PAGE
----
NEW YORK ( TheStreet) -- As electric car trends continue to gain momentum in 2011, investors are desperate to learn what's in store for makers of the rechargeable batteries that will be powering them.
"The lithium battery business could become very large depending on the market's acceptance of electric cars and hybrids, how quickly battery costs can be lowered and the extent of government subsidies," Wunderlich analyst Theo O'Neill says. Under the heading of "electric car acceptance," General Motors (GM) has raised its planned production rate of plug-in hybrid electric Chevrolet Volts to 60,000 a year by 2012, from the initial planned production rate of 30,000 a year, according to D.A. Davidson analyst Avinash Kant, who cites industry sources in an equity research report. General Electric (GE) recently announced that it will buy 25,000 electric vehicles by 2015 -- almost half of them from GM, including the 2011 Chevy Volt.
Needham analyst Michael Lew believes that lithium battery separator producer Polypore (PPO) is positioned to "usher in a new era of transportation," owing to its technical advantage.
Polypore recently announced a $32 million lithium separator production expansion project to meet the expected rev up in electric vehicle demand, adding to a number of its other expansion projects around the world. "This is not a 'build it and they will come' strategy, in our view, as management noted definitive 'line of sight' into demand linked to specific customer vehicle programs," BB&T analyst Kevin Maczka said in a note.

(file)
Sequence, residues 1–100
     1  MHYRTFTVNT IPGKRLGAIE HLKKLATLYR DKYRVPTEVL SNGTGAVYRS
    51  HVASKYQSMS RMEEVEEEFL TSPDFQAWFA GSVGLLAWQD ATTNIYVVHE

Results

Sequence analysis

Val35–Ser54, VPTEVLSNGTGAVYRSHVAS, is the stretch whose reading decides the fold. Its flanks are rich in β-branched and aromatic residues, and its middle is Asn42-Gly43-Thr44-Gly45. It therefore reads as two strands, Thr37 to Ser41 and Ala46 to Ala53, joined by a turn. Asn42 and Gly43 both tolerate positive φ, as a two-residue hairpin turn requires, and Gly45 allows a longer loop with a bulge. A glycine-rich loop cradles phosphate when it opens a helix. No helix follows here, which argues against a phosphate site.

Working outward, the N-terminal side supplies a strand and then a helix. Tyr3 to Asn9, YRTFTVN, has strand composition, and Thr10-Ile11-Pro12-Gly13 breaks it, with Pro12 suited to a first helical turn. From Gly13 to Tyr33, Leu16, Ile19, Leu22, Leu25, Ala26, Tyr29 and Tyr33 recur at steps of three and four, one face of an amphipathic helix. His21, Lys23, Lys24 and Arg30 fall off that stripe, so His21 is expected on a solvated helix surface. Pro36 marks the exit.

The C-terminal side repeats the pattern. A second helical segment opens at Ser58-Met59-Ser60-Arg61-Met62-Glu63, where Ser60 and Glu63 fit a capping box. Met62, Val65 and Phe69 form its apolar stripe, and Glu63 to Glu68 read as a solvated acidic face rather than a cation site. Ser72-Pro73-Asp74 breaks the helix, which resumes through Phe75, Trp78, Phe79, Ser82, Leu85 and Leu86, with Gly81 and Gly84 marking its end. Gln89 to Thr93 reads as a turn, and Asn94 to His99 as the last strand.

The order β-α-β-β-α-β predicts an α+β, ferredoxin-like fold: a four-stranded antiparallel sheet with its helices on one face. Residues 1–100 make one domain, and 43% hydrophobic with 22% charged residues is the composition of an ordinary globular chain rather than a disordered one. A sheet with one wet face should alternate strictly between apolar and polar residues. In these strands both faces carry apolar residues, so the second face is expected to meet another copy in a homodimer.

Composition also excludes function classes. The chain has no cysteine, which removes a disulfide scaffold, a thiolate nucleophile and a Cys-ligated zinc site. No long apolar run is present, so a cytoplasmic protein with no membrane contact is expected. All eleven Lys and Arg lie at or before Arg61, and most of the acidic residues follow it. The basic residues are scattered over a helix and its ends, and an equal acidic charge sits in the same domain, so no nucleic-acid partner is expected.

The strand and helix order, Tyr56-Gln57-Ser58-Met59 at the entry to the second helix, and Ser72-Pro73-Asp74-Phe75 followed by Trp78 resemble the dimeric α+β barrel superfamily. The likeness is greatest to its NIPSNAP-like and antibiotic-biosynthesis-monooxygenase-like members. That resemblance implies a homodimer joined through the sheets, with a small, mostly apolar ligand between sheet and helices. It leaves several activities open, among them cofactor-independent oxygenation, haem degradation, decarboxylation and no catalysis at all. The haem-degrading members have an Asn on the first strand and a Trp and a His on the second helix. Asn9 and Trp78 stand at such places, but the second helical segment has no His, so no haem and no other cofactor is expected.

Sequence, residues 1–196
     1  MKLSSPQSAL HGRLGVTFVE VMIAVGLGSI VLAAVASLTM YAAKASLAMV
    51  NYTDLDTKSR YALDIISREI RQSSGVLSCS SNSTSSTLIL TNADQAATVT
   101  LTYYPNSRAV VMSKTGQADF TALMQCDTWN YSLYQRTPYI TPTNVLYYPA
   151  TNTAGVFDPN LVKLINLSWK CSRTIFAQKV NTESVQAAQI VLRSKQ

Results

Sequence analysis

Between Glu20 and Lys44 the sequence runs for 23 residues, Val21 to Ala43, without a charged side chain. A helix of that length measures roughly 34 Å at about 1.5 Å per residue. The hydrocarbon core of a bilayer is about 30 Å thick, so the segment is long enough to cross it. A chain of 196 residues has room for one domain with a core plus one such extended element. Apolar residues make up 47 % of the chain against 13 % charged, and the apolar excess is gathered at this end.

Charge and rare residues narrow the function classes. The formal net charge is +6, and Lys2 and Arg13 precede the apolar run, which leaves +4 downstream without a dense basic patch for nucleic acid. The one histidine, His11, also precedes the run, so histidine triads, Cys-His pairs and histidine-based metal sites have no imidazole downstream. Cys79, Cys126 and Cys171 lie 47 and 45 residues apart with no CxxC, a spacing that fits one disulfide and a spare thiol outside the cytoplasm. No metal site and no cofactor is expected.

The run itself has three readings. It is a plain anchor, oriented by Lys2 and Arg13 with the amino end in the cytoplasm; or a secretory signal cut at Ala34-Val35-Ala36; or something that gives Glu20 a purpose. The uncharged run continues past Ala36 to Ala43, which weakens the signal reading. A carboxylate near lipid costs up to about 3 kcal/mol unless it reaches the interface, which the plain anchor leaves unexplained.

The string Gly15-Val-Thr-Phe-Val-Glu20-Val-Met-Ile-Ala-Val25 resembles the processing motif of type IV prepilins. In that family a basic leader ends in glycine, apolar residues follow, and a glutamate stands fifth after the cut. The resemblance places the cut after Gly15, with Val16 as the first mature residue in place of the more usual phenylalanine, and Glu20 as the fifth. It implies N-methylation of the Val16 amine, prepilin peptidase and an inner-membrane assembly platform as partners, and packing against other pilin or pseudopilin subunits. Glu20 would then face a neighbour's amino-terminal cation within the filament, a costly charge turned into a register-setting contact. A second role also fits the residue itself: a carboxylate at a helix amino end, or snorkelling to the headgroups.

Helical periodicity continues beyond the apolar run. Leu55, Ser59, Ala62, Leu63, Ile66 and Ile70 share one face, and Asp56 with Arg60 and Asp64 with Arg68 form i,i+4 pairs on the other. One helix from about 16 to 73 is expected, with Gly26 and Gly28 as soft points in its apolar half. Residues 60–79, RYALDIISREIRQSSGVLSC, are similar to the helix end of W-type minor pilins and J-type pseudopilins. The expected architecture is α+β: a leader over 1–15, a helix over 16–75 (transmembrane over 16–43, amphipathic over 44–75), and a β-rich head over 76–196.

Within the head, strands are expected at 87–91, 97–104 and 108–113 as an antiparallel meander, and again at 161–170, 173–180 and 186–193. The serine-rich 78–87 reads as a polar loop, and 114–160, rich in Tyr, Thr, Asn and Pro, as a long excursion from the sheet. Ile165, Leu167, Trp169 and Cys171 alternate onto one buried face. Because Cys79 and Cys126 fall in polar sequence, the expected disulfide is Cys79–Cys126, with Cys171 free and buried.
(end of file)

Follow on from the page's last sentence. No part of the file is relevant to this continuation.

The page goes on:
Reflecting Maczka's view is Ardour analyst JinMing Liu, who views Polypore's ramp-up of production capacity and debt-load reduction as a sign of its "prudent decisions" with capital. Needham's Lew notes that while there is no guarantee Valence (VLNC) will find a favorable resolution for its intellectual property disputes, and no guarantee it can lower costs and expenses to make its products more affordable or stay competitive amongst peers with larger assets, he sees "accelerated" market adoption of the company's products due to its reliable technology. Fleets, including those of transit buses -- one Valence customer group -- require reliable technology to deliver "on time" services, Lew pointed out. MDB Capital analyst Jon Hickman tells clients that though Valence's fiscal 2010 revenue of $16.1 million was lower than he had expected, he's encouraged by the company's recent order trends and management's comments about its large and growing backlog of orders.
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